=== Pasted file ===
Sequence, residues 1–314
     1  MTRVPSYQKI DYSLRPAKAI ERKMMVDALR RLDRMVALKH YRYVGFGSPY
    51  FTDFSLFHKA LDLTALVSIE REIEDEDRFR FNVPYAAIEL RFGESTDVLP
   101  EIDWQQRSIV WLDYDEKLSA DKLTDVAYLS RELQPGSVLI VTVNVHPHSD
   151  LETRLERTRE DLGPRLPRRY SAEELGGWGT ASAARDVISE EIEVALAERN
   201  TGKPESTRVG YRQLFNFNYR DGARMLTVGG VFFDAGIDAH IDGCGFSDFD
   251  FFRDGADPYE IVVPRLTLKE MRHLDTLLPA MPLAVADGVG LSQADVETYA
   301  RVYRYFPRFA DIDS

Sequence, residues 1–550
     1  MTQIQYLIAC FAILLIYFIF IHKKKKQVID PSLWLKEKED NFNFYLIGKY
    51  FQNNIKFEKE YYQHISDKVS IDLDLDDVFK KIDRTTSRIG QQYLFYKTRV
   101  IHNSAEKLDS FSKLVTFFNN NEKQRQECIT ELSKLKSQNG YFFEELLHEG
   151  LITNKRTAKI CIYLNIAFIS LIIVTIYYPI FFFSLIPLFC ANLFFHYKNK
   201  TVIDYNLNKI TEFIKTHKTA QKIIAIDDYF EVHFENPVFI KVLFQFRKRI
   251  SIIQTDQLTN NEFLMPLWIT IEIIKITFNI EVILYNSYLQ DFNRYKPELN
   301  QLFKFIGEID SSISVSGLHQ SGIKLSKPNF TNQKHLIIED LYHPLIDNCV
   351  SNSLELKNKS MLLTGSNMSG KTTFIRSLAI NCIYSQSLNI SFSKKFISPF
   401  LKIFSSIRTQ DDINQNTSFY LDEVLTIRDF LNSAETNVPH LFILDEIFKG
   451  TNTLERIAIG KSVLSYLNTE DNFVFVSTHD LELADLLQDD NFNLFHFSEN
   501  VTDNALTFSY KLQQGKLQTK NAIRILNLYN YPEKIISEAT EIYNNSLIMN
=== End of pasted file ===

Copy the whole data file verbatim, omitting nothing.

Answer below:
Sequence, residues 1–314
     1  MTRVPSYQKI DYSLRPAKAI ERKMMVDALR RLDRMVALKH YRYVGFGSPY
    51  FTDFSLFHKA LDLTALVSIE REIEDEDRFR FNVPYAAIEL RFGESTDVLP
   101  EIDWQQRSIV WLDYDEKLSA DKLTDVAYLS RELQPGSVLI VTVNVHPHSD
   151  LETRLERTRE DLGPRLPRRY SAEELGGWGT ASAARDVISE EIEVALAERN
   201  TGKPESTRVG YRQLFNFNYR DGARMLTVGG VFFDAGIDAH IDGCGFSDFD
   251  FFRDGADPYE IVVPRLTLKE MRHLDTLLPA MPLAVADGVG LSQADVETYA
   301  RVYRYFPRFA DIDS

Sequence, residues 1–550
     1  MTQIQYLIAC FAILLIYFIF IHKKKKQVID PSLWLKEKED NFNFYLIGKY
    51  FQNNIKFEKE YYQHISDKVS IDLDLDDVFK KIDRTTSRIG QQYLFYKTRV
   101  IHNSAEKLDS FSKLVTFFNN NEKQRQECIT ELSKLKSQNG YFFEELLHEG
   151  LITNKRTAKI CIYLNIAFIS LIIVTIYYPI FFFSLIPLFC ANLFFHYKNK
   201  TVIDYNLNKI TEFIKTHKTA QKIIAIDDYF EVHFENPVFI KVLFQFRKRI
   251  SIIQTDQLTN NEFLMPLWIT IEIIKITFNI EVILYNSYLQ DFNRYKPELN
   301  QLFKFIGEID SSISVSGLHQ SGIKLSKPNF TNQKHLIIED LYHPLIDNCV
   351  SNSLELKNKS MLLTGSNMSG KTTFIRSLAI NCIYSQSLNI SFSKKFISPF
   401  LKIFSSIRTQ DDINQNTSFY LDEVLTIRDF LNSAETNVPH LFILDEIFKG
   451  TNTLERIAIG KSVLSYLNTE DNFVFVSTHD LELADLLQDD NFNLFHFSEN
   501  VTDNALTFSY KLQQGKLQTK NAIRILNLYN YPEKIISEAT EIYNNSLIMN